of some dilapidated house which was allegedly Klović's, while
others hold that the village of Klarlći was Klović's birthplace,
which does not lie at all on the territory of Grižane but on the
territory of the adjacent village of Drivenik. They too would
know the territory where Kiović's house of birth had stood. Still
others believe that the village of Rudenice, which today belongs
to Drivenik, is the birthplace of Klović,
In the traditions relating to Klovlć's native country literary
and original elements are intervowen. Of the traditions which
the author of the present essay has recorded in Klović's native
country it would seem that the one is the most original which
expresses in folk language the miniaturistic talents of little
Klović. Namely, the people, ignoring what miniaturistics spells,
relate that little Juraj Julije had painted the Last Supper on one
of his fingernails, while another variant has it that on a fingernail
he had painted the Frankopan Castle Griže. Having noticed
this, the Frias and Frankopan would have taken Klović to the
Pauline Monastery at Crikvenica.
The author of the present essay has investigated the
archive of the Crikvenlca Paulines, but there is no trace of any
record about Klović or the Pauline School, although the entire
text makes it likely that Klović had received his first education
from the Paulines of Crikvenica. Yet the possibility still remains
that the Trsat Franciscans might have been concerned.
Grižane, Klović's native place, was recorded not only by
Vasari in print, but likewise by El Graco's brush, for accordigg
to Lj. Babić, El Greco had contributed in Klović's portrait also
a picture of the Grižane landscape.
The author of this essay made a study of the Archive of
the Congregation of the Lateran Regular Canons of St. Redeemer
in Rome — Archivum pretiosum Congregationis Sanctissimi
Salvatoris Canonicorum regularium Laterenensium in Urbe«.
In the old inventory of the Archive is to be found also a written
record reading, .Giullo Clovio P. Inf, 7 (2?) • . What had been
contained here is not certain. Maybe the truth ought to be
sought in the yet non-arranged part of the Archive. In the Codex
»A 955: Notae historicae Saneti Petri in vinculis i s t o be
found an abstract from a charter on Klović from the year 1536.
Under the signature M 665 there is a charter issued by Cardinal
Marin Grimani on the 24th August, 1536, at Perugia, to the following
addressee: . . . di lecto nobis in Christo Georgio alias
lulio clerico clerouichio de crouatia professori ac familiari nostro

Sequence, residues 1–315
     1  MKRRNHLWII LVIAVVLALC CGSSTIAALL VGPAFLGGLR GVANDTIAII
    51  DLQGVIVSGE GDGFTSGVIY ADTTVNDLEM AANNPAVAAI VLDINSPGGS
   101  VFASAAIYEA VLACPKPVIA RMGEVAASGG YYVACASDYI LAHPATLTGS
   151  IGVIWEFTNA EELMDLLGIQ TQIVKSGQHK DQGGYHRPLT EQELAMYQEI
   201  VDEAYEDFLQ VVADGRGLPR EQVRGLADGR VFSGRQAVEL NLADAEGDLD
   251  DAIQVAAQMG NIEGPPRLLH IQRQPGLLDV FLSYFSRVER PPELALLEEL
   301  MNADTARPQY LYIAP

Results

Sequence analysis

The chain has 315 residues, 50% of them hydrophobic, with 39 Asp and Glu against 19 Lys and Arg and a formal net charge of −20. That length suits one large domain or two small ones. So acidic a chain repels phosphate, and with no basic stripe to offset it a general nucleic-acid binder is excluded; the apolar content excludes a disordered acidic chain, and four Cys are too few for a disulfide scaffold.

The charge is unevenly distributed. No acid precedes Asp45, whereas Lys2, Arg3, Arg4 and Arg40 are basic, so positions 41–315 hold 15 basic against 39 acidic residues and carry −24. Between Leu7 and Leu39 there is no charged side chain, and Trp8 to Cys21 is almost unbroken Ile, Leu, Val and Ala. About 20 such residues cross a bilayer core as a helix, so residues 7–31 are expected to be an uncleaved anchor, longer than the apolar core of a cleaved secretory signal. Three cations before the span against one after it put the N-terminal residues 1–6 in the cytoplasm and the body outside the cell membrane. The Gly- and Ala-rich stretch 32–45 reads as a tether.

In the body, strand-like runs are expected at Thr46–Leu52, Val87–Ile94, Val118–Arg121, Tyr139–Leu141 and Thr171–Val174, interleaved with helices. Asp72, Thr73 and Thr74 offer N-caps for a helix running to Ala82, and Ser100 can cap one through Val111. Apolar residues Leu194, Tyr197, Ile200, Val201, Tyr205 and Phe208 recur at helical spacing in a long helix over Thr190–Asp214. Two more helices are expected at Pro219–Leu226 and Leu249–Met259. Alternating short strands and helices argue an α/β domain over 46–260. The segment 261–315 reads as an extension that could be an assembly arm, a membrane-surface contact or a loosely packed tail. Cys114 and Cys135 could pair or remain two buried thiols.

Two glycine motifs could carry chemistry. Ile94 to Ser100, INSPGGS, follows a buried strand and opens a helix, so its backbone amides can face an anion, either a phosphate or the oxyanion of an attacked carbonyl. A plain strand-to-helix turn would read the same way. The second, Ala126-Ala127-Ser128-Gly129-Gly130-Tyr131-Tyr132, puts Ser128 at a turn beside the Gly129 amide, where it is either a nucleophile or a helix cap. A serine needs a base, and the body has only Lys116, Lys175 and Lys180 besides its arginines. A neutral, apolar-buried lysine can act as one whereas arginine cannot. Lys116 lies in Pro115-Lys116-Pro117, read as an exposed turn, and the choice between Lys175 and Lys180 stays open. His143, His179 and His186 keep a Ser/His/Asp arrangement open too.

continuo commensali . Because of the conformity of the
name (Juraj Julije), native land (Croatia), monastic belonging
(Order of Regular Canons), place and Maecenas (Perugia, Cardinal
Grimani), it was concluded that Klović was in question.
However, the name Clerouichius is either the rull form of
Klović's surname, which had not been used in unabbreviated
form except in documents, or will most probably be an error
committeed by the scribe on account of cler. in the name of
the preceding word. The appellation »professor«may mean the
monastic profession of the vow, that is, the status In the Order,
but might well have meant the teacher. Maybe these are
coincidences in respect of Klović, that is, that he was both a
professor by monastic belonging and a professor by his teaching
activities at Candiana and other monasteries, where, as evidenced
by the Constitution of the Order from 1592, free skills
and sacral sciences would have been taught. The benefice Klović
had received through this charter was the parish church of
St. Bartholomew, Castel Rigone, Perugia. By the very fact that
Klović was appointed director and possessor of the parish
:hurch, he will probably have been released ipso iure from
his vows as a friar, transforming from a monastic into a lay
priest. In the archival holdings of St. Sebastian at Mantua there
Is no mention of Klović, truc, but there is a record of the numerical
state of the monastery 'in the time when Klović joined
it (Codex A 378), while another inventory, although one whole
century after Klović's coming to that monastery, notes several
miniatures, for which it i s not imposslble that they were by
Klović (Codex A 376).
Owing to the fact that Klović had left his body in chains
to the Basilica of St. Peter to be buried, and some of his movable
objects such as pictures, large and small, to the church and
the vestry as an inalienable decoration, the writer of this essay
came through his investigations to the following conclusion:
Klović's bones remained in the basilica, but they were placed
into a common ossuary, which now lies in the crypt of the basilica
beneath the right-hand aisle between the first and second
altars from the entrsnce door.
In the inventories of the Archive of the Regular Canons
there is no trace of the pictures that Klovlć had left to the
church and the vestry. However, there is uncertainty as to whose
are the pictures on the altar which lies between Michelangelo's
Moses and Klović's memorial tablet. Furthermore, in the
old vestry, which is not accessible to the public, one may find
a number of pictures, large and small (numbered), which ought
to be investigated as to whether they might come from Klović's
Klović had willed to the Church»leatae Mariae consolationls
de Vrbe unum offitium parvulum antiquum Dive Marie
in parte miniatum quod modo penes se habere dixit perhaps
for the reason that he might have belonged to the society of
that hospital and church, and also maybe because he was treated
in the hospital .La Consolazione, which was near the FarKlović
was in contact with Girolamo Dai Libri, Bartolomeo,
Sebastiano Luciani del Piombo, Torri (whose teacher he was),
Silvano Razzi, Miniato Pitti, Vincenzo Bor ghini, Francesco de
Medici, Giorgio Vasari and, as we know, El Greco. The author
of the preserrt essay is also concerned with these contacts as
they were recorded in the time of Klović's life.
The author of the essay also investigated holdings in the
secret archive of the Vatican that would maybe contain some
data by Klović or on Klović. They are Garte Farnesiane and
Fondo Pio (Vols. 56 and 57). The result was negative, most
likely for the reason that, as an inmate of Cardinal Farnese,
Klović was not in touch by correspondence with him.